#Selfie First Flight w/ Tim Errickson and Boomerang Theatre Company

Good news world,  got to chat with Tim Errickson about First Flight, Boomerang Theatre Company’s annual festival of new plays.  It’s this week so read up and then get out there and check out some AMAZING PLAYS!!

 

Jen Browne: So something that is super great about Lather Rinse Repeat  is that a lot of playwrights in the group are so much more than playwrights, they’re very often writing, producing, directing, everything and you my friend might be king of the all-arounds working with Boomerang Theatre Company.  Can you tell me a little about where this all began for you and maybe how you’ve seen the company grow over the years?

Tim Errickson: Hardly the king, if you look around our little group. It began for me about 20 years ago when I began my first theatre company after college. I love making theatre, I love the audiences and the work. And I love validating work and encouraging playwrights by producing new plays. For the last 16 years, Boomerang Theatre Company has been my passion project. We’ve produced 55 plays and over 60 new play development readings and workshops. We began like all do, poor and not knowing how to do this work. But we learned and grew and gathered like-minded people.

 

JB: Boomerang breaks its season into three sections or so your website tells me, the third being First Flight, a reading series for new work.  Can you speak to the company’s relationship to new plays and playwrights?

TE: It’s funny, as I think it’s changing. Originally, we did all classics, and then began programming new plays to run along with classics in tandem. As we’ve gotten more established (and maybe as I’ve gotten older too), I love new plays more and more. I think that mystery of producing the new play, the unknown audience response, the unforeseen change in rehearsal, is just so exciting. I really love getting new plays off the page, out of readings and in front of people. And the writer is a huge component of that, because really we are supporting their idea of story and theme. We want them there as much as they can be, and we want them to feel like they have a place to bring work and make it better.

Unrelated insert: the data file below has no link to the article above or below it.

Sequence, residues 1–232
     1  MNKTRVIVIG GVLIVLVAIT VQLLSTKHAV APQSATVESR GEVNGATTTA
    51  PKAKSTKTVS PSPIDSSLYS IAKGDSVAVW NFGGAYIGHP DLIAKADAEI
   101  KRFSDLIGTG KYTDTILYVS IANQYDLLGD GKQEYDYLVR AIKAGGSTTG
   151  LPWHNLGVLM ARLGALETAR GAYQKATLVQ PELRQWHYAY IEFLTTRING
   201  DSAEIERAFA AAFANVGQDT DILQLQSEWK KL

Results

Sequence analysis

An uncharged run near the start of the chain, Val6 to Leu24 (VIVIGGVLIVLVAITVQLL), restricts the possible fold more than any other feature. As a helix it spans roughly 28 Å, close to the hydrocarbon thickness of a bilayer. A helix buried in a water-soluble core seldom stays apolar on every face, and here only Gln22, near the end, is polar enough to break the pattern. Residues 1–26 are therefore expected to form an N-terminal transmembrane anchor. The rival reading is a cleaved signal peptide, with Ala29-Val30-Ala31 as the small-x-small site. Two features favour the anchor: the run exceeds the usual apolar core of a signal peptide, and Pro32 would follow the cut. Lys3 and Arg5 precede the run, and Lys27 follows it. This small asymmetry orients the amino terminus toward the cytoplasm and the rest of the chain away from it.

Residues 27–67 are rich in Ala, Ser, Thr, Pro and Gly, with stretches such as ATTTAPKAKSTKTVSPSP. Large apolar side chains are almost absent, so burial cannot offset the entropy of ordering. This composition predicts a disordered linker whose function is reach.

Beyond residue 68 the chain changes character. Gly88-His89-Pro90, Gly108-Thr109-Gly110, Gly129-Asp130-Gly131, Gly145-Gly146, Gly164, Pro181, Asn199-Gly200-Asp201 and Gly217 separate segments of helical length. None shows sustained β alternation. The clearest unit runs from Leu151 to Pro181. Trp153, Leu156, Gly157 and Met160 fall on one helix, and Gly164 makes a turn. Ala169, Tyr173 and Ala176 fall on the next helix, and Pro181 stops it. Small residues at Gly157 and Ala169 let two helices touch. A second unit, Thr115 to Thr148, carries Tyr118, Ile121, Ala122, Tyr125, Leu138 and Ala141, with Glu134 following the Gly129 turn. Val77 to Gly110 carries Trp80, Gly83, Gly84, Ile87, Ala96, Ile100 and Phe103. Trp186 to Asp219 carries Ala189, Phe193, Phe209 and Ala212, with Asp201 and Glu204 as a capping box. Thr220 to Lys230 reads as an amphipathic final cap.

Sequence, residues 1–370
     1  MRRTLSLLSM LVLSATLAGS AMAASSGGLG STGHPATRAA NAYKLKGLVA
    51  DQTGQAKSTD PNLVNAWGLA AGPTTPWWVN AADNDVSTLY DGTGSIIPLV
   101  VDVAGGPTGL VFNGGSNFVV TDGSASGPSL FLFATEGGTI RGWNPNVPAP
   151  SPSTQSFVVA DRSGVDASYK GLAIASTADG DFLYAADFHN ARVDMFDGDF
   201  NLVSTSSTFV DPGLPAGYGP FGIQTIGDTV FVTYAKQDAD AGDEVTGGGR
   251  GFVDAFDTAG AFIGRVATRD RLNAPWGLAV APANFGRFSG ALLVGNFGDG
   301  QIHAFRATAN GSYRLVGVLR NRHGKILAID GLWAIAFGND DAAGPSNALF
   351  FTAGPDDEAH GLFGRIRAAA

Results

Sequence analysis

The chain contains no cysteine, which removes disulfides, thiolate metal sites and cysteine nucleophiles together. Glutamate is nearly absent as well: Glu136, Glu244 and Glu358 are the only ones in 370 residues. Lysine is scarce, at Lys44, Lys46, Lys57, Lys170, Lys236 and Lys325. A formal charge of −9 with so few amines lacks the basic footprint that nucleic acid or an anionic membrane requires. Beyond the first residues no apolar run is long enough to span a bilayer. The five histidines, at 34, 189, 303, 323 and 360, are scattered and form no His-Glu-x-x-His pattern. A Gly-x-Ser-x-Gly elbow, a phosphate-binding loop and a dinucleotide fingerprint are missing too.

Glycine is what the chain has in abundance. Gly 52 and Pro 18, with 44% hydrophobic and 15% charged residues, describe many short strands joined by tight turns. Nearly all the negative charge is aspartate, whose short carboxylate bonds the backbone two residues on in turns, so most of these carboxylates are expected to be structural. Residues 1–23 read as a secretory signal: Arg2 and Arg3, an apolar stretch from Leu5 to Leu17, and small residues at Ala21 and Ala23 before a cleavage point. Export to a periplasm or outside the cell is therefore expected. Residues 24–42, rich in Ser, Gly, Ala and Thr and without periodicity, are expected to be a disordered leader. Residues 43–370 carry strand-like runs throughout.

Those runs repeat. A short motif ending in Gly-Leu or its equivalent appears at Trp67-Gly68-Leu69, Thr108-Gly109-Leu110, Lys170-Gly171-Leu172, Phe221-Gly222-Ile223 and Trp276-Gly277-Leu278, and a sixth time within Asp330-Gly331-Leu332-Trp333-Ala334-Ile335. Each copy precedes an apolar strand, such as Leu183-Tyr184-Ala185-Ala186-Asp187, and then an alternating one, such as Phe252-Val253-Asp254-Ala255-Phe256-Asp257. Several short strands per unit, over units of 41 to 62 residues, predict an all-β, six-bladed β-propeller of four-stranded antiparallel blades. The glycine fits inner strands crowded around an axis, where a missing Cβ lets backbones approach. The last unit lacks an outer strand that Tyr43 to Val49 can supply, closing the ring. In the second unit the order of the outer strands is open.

JB: Can you break down the details for this year’s festival?

TE: The 2014 First Flight New Play Festival consists of public readings of six new plays in various states of development. We kick off on Wednesday Nov 19th at 7pm and go through Monday Nov 24th at 7pm. All of our readings are at ART/NY, 520 Eighth Avenue, 3rd floor. Readings are always free, but if you’ve got $5 burning a hole in your pocket, we’ll take it and put it to good use.

 

JB: Producing new work can be risky business why is the risk worth it for you?

TE: Yeah, it’s a funny thing…what’s the risk? If you believe in the work, and it expresses your heart and mind, something important and passionate, it’s always going to work on some level. And it can be done expensively or cheaply depending on what you’ve got to work with. So I’m all in. More New Plays!

 

JB: How has producing new work influenced the development of your company and your place in the New York theater landscape?

TE: I think on some level we put our own stamp on things. I hope that people see a play and recognize that it’s a Boomerang play, that it has substance, intelligence, daring use of language, and fearlessness. We apply that to all our projects, but I think it is more obvious in the new plays we choose to develop.

 

JB: Any other tidbits we should know about this year’s Fest or future Boomerang programs?

TE: We just keep trying to grow the festival all the time. Constantly improving it to make it more helpful to the writers, so that their needs are served. We’re excited about this year’s lineup, and hope you’ll come check them out.

This year’s First Flight Festival includes work by Vincent Sessa, Johnna Adams, Michael Aguirre, Adam Kraar, Tim Errickson, Shelley McPherson.   Dates and times for all readings can be found HERE!

selfie #8: tim e. (with questions by mila g.)

The awesome Tim E. brought in FIREBIRD this go-round, a gritty and beautiful slice of life play about Brooklyn. Mila, a native Brooklynite herself, questioned him closely in this week’s episode of SELFIES.

#selfies are an ongoing interview series where Lather, Rinse, Repeat playwrights interview one another. They have free reign over the questions. The interviewee must then post an actual selfie, for the sake of being meta.

MILA G. As an original Tim, what is your opinion on all other Tims? Tiny Tim? Tim The Tool Man Taylor?  Tim D.?

TIM E. I love all the other Tims. Tim Curry, Tim Olyphant, Tim Tebow, Tim McGraw, Tim Burton, Tim Robbins, Tim Conway, Tim Duncan, the late Tim Russert, Tim Gunn, and especially Tim D, fellow playwright and scribe of Pirate Musicals. My faves are probably Olyphant, Conway and Tim D. But like the Highlander…there can be only one. So I accept the mantle respectfully.